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Getting out into nature is for the birds
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Getting out into nature is for the birds

For bird enthusiasts that is!

Our NatureHood Partners were busy over the holidays helping kids and families explore nearby nature. From Halifax to Regina to Vancouver, hundreds of kids and families took part in the annual Christmas Bird Count for Kids (CBC4Kids). Inspired by the Christmas Bird Count, CBC4Kids is a fun winter activity and a great way for families to learn more about local urban birds and bird conservation.

Many of our NatureHood partners organized local CBC4Kids events that included nature walks led by volunteer guides to help identify local birds, followed by hot chocolate and snacks for the young citizen scientists to sip when they return. Their findings were then submitting through eBird, an online checklist managed by Bird Studies Canada.

Christmas Bird Counts for Kids are a great way to get kids active outdoors during the winter months and learn more about local winter birds and wildlife found in their area. Spending time in nature year-round will encourage kids to continue to explore the natural world and develop a long-lasting relationship with nature.

© Nature Alberta

Here’s a snapshot of a few of the CBC4Kids events that took place across the country:

Nova Scotia

The Young Naturalists Club of Nova Scotia held their 5th annual CBC4Kids at Point Pleasant Park in Halifax. They welcomed 100 participants and saw 25 bird species and 350 individual birds. Some kids even had the thrill of a chickadee land on their hand to eat seeds. The biggest excitement came when a bald eagle soared over the group!

Saskatchewan

Nature Saskatchewan held their annual CBC4Kids at Wascana Lake and had their best turn out yet with 93 participants. The four groups enjoyed the beautiful -5c weather as they counted a total of 12 bird species and 298 individuals. After the count, everyone enjoyed some hot chocolate and snacks as they listened to a presentation from Living Sky Wildlife Rehabilitation who brought two thirteen lined ground squirrels.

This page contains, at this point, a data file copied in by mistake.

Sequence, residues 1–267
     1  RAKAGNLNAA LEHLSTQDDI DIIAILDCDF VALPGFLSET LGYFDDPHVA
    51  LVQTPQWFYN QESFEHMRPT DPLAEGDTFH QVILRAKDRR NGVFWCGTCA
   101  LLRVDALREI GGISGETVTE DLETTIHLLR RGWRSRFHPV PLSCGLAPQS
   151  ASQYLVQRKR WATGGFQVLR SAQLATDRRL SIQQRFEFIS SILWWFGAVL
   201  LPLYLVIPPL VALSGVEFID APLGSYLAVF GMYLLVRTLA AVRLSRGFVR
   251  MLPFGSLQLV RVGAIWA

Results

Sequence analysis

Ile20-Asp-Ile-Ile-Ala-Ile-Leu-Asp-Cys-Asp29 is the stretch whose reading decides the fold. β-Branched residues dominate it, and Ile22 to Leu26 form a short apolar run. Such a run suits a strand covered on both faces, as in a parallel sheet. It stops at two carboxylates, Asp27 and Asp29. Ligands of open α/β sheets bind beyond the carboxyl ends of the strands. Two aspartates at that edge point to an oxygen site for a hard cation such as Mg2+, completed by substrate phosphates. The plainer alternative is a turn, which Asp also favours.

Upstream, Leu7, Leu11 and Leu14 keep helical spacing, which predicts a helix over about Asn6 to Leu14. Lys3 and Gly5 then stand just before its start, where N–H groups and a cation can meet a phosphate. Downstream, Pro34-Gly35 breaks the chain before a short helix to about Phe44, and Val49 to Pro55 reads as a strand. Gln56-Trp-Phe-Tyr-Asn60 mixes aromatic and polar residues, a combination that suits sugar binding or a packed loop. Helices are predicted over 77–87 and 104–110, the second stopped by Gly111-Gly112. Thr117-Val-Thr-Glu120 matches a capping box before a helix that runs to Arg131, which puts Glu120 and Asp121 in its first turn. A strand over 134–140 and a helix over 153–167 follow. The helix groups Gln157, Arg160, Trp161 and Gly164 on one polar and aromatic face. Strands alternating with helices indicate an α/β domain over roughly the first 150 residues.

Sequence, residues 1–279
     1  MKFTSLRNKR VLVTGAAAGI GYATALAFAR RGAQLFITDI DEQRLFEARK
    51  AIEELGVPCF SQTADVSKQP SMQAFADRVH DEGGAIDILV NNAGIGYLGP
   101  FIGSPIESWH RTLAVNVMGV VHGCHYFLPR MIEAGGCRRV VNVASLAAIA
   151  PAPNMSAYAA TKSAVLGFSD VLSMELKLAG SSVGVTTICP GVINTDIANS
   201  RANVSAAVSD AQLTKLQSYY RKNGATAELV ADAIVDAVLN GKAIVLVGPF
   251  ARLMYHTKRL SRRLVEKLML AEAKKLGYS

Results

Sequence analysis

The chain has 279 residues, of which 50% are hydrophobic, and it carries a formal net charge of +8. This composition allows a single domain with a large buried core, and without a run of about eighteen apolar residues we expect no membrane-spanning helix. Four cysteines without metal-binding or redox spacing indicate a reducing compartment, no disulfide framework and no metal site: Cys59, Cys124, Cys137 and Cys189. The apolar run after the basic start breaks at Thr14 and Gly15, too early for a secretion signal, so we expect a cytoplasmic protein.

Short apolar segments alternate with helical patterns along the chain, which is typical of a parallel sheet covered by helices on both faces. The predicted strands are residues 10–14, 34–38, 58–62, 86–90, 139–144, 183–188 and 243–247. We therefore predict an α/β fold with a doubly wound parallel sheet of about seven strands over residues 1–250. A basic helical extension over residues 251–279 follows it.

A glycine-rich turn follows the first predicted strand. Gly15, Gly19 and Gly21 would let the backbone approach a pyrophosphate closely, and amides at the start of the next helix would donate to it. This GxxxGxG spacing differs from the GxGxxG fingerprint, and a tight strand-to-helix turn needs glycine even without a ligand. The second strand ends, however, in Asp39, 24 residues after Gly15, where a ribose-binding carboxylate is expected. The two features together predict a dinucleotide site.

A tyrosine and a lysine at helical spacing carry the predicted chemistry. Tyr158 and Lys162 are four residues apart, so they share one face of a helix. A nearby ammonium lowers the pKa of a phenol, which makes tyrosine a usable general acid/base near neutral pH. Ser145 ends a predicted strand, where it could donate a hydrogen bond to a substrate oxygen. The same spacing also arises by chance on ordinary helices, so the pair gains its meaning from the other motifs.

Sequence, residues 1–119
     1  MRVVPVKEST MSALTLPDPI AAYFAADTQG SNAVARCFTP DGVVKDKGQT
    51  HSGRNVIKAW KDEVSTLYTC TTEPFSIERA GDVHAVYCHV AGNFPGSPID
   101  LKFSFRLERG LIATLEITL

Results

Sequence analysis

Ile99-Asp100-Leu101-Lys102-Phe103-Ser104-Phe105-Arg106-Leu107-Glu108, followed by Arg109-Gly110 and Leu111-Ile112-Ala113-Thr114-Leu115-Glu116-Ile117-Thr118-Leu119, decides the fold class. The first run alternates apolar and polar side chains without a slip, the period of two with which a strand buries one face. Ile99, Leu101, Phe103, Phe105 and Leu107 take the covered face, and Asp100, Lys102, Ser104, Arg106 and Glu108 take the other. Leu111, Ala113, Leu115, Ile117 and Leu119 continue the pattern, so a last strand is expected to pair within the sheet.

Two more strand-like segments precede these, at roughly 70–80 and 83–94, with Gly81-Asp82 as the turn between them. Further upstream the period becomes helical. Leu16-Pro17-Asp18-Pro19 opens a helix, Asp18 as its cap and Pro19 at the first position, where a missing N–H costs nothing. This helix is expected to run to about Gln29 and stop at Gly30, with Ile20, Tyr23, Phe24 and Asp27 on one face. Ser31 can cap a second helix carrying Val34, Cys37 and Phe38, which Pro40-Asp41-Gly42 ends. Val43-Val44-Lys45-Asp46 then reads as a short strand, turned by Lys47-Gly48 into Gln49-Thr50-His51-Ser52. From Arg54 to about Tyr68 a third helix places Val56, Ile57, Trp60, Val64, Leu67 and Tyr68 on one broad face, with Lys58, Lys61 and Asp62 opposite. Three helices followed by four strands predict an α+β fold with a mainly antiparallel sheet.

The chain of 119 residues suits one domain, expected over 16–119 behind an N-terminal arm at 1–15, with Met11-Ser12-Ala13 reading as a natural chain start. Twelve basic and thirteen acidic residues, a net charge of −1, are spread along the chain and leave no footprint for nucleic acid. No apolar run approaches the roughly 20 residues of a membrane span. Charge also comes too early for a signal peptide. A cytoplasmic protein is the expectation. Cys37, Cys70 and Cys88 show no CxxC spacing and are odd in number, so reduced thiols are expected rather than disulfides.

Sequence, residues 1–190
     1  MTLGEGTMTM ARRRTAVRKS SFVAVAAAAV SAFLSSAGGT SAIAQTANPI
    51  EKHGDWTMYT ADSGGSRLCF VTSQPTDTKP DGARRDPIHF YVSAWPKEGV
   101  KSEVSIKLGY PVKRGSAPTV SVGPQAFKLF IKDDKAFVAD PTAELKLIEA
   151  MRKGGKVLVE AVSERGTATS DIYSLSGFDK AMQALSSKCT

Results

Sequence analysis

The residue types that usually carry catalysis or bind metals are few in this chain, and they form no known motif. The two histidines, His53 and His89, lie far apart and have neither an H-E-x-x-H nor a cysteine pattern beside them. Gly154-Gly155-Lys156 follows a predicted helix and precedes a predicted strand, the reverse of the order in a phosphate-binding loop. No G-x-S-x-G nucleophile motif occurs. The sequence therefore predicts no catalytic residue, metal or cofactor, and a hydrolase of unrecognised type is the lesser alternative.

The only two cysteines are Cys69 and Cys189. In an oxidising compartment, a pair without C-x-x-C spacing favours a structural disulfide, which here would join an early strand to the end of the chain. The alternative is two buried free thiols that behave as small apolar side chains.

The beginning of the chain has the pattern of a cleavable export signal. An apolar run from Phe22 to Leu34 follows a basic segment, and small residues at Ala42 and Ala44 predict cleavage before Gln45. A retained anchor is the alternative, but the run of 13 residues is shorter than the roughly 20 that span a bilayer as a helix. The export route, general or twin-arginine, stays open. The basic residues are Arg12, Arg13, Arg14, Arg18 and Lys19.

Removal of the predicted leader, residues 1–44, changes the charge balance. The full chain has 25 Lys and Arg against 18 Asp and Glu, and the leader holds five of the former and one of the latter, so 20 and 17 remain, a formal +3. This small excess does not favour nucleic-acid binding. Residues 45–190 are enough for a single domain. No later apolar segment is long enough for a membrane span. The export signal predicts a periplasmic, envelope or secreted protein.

Alberta

Nature Alberta's Nature Kids had a great time looking for birds at the Kerry Wood Nature Centre in Red Deer. They started the day playing a bird migration game and then set off on the trails to explore nature. They found 8 different bird species such as Downy woodpeckers and Red-breasted nuthatches. They also found other animal signs such as, nests, moose droppings, and squirrel middens! (fun fact: squirrel middens is the mess they leave after eating).

British Columbia

NatureKids BC along with its partners held their 8th annual CBC4Kids at Stanley Park in Vancouver with 100 keen birdwatchers of all ages. Participants were led through a bird identification training session prior to the count to help identify the birds they saw. Here is a lovely message that was sent their way following the bird count:

"Our family had a wonderful time at the Christmas Bird Count at Stanley Park. We sincerely appreciated all of the care that went into putting this day together. The facilitators were extremely kind to us, we loved the activities/snacks, and we truly enjoyed going out for the count with our enthusiastic and joyful group leader. Thank you very much for your work in putting this together for all of us!"

With sincere gratitude,
Jen, Dylan, Nala & Makaio 

2nd Annual Event Helps Ottawa Residents Peek Inside City’s Most Important Chimneys
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2nd Annual Event Helps Ottawa Residents Peek Inside City’s Most Important Chimneys

Media Advisory

Wednesday, August 10, 2016

Who: Hosted by Nature Canada Speakers include: Alex MacDonald, CBC Radio 1’s In Town and Out weekly bird tweeter and Senior Conservation Manager at Nature Canada

What: A Swift Evening Out is an outdoor event featuring presentations, activities and easy birdwatching to raise public awareness of the Chimney Swift, a provincially and nationally threatened bird found in Ottawa. Event participants will observe the sunset behaviour of the Chimney Swift; each evening the Swifts fly into suitable chimneys and human structures throughout the region – often hundreds of birds at a time – where they roost for the night in large groups. The birds dive headfirst into the chimneys, reaching speeds of 60 km/hr before entering, making this behaviour very impressive to behold.

Where: 755 Somerset Street West, Ottawa. The event will begin at the Dalhousie Community Centre and at 7:50pm will transition to the grounds of the Dominican University College, home to one of the region’s most important chimney roosts.

When: Thursday, August 11th, 2016 – 7:00 pm to 8:45 pm.

Why: Ottawa is home to nationally significant numbers of Chimney Swifts, whose numbers have declined by over 95% in the last 40 years. Despite this, many people are unaware of the Swifts’ presence or their plight. We want to change this. Additionally, many property owners misunderstand what they can do to help Chimney Swifts, such as delaying routine chimney maintenance until after the migration in early September. This event will help to raise public awareness of the plight of this amazing species.